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2012

Slovenian Graylings are not grey

Everything gleaming IS gold (in one way or another)!

Slovenian graylings are not grey. Their almost golden scales will light up even the darkest of days and size doesn’t always matter when beauties like these are lifted to waiting cameras. Today, I was hunting Slovenian gold and there was even something golden about the day, the weather and my state of mind………..

I’m always a sucker for absolute contrasts. Yesterday I was fishing a deep and narrow pool with a five weight rod and a rather heavy nymph. Short upstream casts, free drift with my eyes glued to the tip of the line and the natural lift when I regained contact with the line about 45 degrees downstream. On the sixth cast my spine felt something indecipherable before my eyes saw the invisible movement of the tip of the line and I struck. The fish went down, stayed down and I still hadn’t seen it as the fly lost grip of its conqueror about five minutes later. Following the well-known principle about fish you lose, I instantly overestimated the beast to “at least three kilos”. Full of adrenalin, anger and disappointment I swore revenge over the river and got ready to attack its inhabitants with even more focused intensity, when something flashed close by and the roar of thunder followed almost instantly. Then it started to rain. Not the cheerful drizzle of a Norwegian summer, but the intense Mediterranean down-pour that soaks everything before you even start thinking of running for cover.

The two hour rainstorm had washed away yesterday’s humidity and low air pressure, cleared up the new day and, even more important, increased the water level by a few centimeters. As I was walking downstream in the lower parts of Sava Bohijnka, I carefully studied the different pools for surface activity. I have no aversions towards nymphing, but my preference for dry fly fishing is embedded deep in the core of my ineffective soul. I was going to fish lighter today and was bringing only one rod; a Brook three weight measuring only seven and a half feet.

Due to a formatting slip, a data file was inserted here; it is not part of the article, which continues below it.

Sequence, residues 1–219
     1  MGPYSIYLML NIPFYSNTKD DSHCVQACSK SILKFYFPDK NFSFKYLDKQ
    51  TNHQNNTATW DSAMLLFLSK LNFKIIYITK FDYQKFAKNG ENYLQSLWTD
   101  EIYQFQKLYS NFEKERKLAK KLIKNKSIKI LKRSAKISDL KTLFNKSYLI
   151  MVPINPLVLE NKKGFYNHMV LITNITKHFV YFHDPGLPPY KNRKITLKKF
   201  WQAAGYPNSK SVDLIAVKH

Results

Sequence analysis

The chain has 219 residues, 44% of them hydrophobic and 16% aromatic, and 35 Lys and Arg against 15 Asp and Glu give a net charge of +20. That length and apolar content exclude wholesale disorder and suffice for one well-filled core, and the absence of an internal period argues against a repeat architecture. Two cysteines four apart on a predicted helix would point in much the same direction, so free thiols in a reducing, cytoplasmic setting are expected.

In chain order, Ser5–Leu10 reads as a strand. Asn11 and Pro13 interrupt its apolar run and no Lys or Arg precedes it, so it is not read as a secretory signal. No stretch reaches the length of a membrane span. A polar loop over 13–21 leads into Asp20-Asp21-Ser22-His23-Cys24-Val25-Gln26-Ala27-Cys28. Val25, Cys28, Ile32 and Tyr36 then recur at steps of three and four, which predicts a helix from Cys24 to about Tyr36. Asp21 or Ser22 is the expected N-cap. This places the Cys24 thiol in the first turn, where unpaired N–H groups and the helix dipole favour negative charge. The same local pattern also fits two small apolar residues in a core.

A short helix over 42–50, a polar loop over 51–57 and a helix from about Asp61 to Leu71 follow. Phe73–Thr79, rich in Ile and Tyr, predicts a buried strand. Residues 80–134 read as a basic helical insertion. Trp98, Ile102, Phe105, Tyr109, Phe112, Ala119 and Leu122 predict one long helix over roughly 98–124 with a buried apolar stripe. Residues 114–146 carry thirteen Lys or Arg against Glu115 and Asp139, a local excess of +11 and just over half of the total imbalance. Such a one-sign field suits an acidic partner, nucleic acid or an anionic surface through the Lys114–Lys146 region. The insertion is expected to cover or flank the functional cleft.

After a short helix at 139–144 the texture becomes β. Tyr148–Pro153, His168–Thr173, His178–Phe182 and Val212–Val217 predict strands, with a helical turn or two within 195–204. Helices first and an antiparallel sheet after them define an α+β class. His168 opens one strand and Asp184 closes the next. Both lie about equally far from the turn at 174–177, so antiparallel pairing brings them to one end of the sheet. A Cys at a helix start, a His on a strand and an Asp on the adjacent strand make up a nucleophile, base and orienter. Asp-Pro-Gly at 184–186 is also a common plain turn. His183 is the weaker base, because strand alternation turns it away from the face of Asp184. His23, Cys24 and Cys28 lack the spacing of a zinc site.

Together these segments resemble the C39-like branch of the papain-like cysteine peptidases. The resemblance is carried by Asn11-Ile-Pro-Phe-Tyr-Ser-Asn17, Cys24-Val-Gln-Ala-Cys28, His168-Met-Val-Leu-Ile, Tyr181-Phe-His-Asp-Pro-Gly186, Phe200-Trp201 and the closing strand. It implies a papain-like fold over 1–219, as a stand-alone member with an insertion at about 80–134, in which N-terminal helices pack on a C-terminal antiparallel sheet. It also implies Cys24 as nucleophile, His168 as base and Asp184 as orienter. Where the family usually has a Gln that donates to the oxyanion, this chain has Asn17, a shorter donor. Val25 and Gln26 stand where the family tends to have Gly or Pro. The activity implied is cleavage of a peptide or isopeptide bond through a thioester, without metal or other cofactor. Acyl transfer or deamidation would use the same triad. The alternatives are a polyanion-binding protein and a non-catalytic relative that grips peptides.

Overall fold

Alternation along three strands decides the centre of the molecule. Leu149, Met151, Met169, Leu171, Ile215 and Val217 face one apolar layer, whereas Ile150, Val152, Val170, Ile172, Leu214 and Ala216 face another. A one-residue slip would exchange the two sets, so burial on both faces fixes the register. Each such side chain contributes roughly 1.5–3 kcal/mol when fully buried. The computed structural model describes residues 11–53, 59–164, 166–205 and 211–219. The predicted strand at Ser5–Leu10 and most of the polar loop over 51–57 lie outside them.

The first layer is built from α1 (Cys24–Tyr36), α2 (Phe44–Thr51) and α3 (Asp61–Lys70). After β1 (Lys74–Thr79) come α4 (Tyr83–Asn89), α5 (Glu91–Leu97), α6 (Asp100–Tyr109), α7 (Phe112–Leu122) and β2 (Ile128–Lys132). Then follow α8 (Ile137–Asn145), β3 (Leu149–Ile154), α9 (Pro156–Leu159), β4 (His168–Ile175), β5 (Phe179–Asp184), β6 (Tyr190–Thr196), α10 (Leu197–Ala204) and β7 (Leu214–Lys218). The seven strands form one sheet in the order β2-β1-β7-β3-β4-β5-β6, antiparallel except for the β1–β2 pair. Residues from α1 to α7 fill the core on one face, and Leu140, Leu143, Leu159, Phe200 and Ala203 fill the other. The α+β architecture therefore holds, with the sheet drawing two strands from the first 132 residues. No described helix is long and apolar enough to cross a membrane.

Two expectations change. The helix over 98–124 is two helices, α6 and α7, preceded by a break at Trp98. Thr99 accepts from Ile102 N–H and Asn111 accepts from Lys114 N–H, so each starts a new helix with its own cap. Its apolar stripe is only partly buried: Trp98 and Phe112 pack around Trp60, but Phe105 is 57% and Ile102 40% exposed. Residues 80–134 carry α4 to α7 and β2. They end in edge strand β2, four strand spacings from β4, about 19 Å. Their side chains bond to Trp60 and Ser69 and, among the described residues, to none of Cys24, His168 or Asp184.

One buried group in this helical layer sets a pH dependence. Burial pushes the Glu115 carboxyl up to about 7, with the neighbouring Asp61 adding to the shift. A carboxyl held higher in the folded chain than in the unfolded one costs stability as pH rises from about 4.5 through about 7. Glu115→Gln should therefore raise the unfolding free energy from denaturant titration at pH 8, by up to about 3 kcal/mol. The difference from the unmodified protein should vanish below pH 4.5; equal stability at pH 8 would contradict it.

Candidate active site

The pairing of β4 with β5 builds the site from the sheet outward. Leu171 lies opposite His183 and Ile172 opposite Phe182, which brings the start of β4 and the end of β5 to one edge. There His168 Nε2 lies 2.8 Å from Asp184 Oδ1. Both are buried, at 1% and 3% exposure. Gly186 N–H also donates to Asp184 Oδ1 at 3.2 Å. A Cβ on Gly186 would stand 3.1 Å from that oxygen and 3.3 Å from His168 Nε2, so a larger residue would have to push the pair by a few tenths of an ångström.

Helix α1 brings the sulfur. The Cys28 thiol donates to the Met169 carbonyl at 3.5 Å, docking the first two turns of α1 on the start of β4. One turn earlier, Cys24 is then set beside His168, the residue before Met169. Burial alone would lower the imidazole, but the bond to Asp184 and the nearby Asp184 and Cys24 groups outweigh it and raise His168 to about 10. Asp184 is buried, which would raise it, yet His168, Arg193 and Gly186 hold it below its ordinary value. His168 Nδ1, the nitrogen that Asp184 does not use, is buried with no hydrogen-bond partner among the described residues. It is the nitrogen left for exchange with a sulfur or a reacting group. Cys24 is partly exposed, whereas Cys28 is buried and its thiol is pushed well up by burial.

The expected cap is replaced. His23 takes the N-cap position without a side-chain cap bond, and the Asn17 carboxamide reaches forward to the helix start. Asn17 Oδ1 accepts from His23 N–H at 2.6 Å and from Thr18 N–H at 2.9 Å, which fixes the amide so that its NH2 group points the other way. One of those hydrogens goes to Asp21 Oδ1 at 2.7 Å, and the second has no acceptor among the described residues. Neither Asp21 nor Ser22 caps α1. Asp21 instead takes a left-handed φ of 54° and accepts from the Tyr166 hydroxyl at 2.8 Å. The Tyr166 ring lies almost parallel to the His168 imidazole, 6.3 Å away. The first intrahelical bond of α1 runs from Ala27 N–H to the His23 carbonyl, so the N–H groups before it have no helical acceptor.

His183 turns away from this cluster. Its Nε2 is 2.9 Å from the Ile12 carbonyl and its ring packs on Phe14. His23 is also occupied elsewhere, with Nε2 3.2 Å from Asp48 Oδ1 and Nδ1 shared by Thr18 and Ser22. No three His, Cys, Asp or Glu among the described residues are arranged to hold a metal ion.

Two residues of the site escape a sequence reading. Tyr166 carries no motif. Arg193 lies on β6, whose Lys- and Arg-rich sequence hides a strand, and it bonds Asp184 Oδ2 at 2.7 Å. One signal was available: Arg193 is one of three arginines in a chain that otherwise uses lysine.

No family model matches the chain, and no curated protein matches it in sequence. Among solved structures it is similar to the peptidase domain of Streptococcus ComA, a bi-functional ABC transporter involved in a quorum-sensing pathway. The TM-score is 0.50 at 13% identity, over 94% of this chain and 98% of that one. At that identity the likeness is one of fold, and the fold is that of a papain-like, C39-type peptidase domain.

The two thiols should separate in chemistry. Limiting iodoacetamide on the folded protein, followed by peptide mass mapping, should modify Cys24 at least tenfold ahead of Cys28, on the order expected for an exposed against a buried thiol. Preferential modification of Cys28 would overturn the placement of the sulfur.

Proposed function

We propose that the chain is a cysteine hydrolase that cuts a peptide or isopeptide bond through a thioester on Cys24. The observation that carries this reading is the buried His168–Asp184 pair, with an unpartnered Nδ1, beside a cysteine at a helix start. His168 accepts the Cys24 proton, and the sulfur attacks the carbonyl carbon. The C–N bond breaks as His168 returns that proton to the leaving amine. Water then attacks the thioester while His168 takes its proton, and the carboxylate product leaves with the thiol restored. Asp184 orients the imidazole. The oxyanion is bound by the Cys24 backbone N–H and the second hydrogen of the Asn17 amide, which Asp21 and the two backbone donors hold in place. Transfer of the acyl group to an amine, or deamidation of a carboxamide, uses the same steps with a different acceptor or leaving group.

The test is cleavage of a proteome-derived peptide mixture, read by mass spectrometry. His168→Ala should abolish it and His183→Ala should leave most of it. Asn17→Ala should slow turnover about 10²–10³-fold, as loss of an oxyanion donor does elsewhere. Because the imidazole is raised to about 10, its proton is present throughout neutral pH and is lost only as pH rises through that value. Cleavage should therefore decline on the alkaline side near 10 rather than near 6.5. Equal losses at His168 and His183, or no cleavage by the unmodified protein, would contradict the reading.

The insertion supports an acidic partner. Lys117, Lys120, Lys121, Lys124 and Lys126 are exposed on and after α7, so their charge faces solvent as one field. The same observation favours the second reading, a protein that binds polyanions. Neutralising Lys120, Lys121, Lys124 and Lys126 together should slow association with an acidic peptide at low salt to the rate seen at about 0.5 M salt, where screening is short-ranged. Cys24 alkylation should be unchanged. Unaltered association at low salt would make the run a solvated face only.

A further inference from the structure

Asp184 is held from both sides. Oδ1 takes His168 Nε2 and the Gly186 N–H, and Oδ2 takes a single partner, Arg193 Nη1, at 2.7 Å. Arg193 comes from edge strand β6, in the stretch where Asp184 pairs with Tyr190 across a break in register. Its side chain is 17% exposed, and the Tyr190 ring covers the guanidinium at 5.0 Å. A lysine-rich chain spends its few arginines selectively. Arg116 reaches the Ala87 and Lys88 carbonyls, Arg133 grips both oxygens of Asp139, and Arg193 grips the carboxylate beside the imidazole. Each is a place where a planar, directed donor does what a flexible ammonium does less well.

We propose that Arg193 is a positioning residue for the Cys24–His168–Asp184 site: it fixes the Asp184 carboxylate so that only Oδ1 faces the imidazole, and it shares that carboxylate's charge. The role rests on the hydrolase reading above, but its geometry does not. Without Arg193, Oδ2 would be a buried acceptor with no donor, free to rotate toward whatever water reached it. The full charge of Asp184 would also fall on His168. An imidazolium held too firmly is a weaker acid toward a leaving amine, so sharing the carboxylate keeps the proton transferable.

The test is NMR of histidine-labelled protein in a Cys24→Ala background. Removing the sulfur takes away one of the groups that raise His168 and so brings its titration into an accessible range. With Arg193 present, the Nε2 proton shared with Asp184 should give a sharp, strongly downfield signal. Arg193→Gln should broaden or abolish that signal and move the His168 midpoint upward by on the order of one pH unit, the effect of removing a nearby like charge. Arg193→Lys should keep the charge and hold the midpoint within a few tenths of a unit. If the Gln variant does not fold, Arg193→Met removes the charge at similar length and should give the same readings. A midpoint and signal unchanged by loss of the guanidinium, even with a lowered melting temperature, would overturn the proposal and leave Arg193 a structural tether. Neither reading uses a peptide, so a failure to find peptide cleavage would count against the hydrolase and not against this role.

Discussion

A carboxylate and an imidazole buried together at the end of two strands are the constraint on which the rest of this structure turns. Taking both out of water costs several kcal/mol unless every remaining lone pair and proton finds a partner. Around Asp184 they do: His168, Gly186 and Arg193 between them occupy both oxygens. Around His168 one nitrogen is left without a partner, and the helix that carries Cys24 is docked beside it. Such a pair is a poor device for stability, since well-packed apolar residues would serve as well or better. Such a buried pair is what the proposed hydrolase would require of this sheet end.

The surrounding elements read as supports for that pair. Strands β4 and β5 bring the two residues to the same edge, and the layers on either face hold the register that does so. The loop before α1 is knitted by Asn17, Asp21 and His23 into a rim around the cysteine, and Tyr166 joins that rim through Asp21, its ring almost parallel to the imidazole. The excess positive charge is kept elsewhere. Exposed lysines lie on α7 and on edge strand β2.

“There. That must have been a rise”. The pool was about 20 meters long; deep and narrow at the top and gradually turning shallower and wider towards the end. I crouched down and tip-toed the last meters of the pool so that I could I could watch future events unfold without being seen. During the next few minutes, I saw a number of rises and felt the effect of small doses of adrenaline being pumped into my blood. I started with a small ant Juré had given me. A black, two-bumped body with a couple of rounds of grizzly hackle between the bumps, tied on a size 18 hook.  I casted up-stream with enough angle to keep the fly line away from the eyes of the fish and aimed for a nice one towards the end of the pool. It took on the second cast and I managed to wait just long enough with the strike. The first time it jumped, I saw the glint of gold and screamed “yes”, loud enough to scare even myself and mentally crossed my fingers. A big golden grayling was one of the main targets for this trip and I had just hooked one of them. Five minutes later I lifted the fat, yellowish creature and instantly experienced the characteristic smell of thyme. During the fight, Juré had arrived with his camera and took as nice pictures it’s possible to take with me inside the frame.

The next fish grabbing my ant was not a grayling, was not landed and was a great deal bigger. The frantic rainbow took the fly and immediately raced for the bushes on the other side of the upper part of the pool. I couldn’t do anything and before I knew, about 4 seconds after, it went around a branch and was gone. “Wow”, Jure said. “That was a very nice rainbow”. I had to take five to regain my composure. The ant was history and because we could see several big graylings further up in the pool, still feeding from the surface, he told me to tie a small, Slovenian Red Tag on the leader; size 18, grizzly hackled and with the well know red tail.

I managed to catch three more of the golden delights before the fun was over; the largest well over a kilo. The Brook three weight rod was a perfect choice for these conditions and had no problems whatsoever at handling the fish. My thirsty soul was temporarily quenched by the golden scales, the smell of thyme and by the unquestionable beauty of my immediate surroundings. Oh, happy day!

 

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